'A valuable edited volume on a paradigm for peace making which will both inform and enrich academic and policy level debate on the subject, and the particular challenge Sri Lanka now faces of moving from a post-war to a post-conflict situation.' -Paikiasothy Saravanamuttu, Executive Director, Centre for Policy Alternatives (CPA), Sri Lanka
'The essays in this book deserve a wide readership. Together they provide an illuminating examination of the failure of international attempts to craft a liberal peace in Sri Lanka, in the context of analyses of the impacts of neo-liberalism on Sri Lanka’s polity, economy and society. Their findings are certainly not happy ones, but they are of great importance for all those who are concerned with peace-building, both in general and in Sri Lanka in particular.' -John Harriss, Professor and Director, School for International Studies, Simon Fraser University, Canada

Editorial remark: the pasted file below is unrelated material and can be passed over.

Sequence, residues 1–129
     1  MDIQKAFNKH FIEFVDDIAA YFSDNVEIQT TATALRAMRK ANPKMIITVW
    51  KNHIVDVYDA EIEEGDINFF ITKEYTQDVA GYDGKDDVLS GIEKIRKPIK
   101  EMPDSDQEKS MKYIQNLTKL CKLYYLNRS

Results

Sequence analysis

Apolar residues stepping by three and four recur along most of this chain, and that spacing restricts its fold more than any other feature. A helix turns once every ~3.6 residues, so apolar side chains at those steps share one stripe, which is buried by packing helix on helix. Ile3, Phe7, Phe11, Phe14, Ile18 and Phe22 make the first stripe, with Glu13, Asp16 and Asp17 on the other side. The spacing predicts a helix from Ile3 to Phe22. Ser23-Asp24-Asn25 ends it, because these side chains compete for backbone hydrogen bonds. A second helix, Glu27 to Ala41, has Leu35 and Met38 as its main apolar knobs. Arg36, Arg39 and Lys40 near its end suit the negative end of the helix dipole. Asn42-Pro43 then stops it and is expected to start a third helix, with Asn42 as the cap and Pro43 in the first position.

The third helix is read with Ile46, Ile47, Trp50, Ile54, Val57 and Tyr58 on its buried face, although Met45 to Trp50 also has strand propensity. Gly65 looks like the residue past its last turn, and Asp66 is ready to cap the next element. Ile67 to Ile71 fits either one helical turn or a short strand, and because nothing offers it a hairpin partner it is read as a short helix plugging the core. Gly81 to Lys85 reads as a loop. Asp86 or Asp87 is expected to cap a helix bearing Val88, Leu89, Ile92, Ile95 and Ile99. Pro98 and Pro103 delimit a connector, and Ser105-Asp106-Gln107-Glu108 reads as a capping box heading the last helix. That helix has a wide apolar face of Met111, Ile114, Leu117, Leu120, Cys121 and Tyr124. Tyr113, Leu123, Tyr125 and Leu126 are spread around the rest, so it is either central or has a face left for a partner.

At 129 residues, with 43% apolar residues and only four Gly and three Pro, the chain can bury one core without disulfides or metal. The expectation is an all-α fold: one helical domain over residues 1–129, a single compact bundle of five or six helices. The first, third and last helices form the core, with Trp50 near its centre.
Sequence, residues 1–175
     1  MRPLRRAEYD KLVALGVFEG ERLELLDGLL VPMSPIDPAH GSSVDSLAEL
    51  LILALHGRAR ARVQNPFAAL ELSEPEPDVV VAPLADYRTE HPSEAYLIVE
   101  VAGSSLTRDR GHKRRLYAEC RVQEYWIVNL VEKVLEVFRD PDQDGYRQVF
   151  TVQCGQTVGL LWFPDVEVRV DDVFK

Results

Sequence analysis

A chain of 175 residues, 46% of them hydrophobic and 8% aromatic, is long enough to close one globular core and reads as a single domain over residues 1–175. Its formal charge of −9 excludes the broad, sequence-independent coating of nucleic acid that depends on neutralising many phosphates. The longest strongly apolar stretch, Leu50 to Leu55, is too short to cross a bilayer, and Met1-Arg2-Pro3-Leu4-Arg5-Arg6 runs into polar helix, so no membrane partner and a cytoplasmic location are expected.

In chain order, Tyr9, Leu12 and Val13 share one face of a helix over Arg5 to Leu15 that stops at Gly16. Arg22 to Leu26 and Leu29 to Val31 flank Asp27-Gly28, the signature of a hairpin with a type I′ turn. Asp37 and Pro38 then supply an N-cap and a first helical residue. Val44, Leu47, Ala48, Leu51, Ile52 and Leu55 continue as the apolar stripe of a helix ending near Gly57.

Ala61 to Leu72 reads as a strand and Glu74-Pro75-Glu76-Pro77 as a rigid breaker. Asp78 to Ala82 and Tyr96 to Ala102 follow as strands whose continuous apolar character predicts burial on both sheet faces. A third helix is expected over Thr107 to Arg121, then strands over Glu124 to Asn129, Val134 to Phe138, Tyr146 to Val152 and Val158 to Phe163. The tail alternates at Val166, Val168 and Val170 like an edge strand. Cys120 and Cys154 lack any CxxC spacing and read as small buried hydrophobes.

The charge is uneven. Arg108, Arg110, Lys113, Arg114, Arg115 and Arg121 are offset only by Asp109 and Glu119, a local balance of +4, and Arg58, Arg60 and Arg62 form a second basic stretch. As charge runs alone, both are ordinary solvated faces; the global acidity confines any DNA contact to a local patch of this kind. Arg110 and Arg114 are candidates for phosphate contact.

The present book examines the internationally facilitated peace process between the Government of Sri Lanka (GOSL) and the Liberation Tigers of Tamil Eelam (LTTE) in order to provide critical insights on contemporary attempts at crafting liberal peace in intrastate conflicts. The general argument is for a broadened political perspective on conflict resolution, extending the focus from the narrow confines of formal peace negotiations and elitist crafting of liberal peace, to the contextual politics of state reforms for group rights and power-sharing and the associated politics of economic reforms for neoliberal development. In examining the contextual politics of state and market reforms in Sri Lanka, the book highlight the tensions between liberal peace and Sinhalese and Tamil nationalisms, demonstrated in the contestations over political exclusion vs. inclusion in peace negotiations, individual human rights vs. group rights, territorial power sharing vs. state sovereignty and neoliberal development vs. social welfare.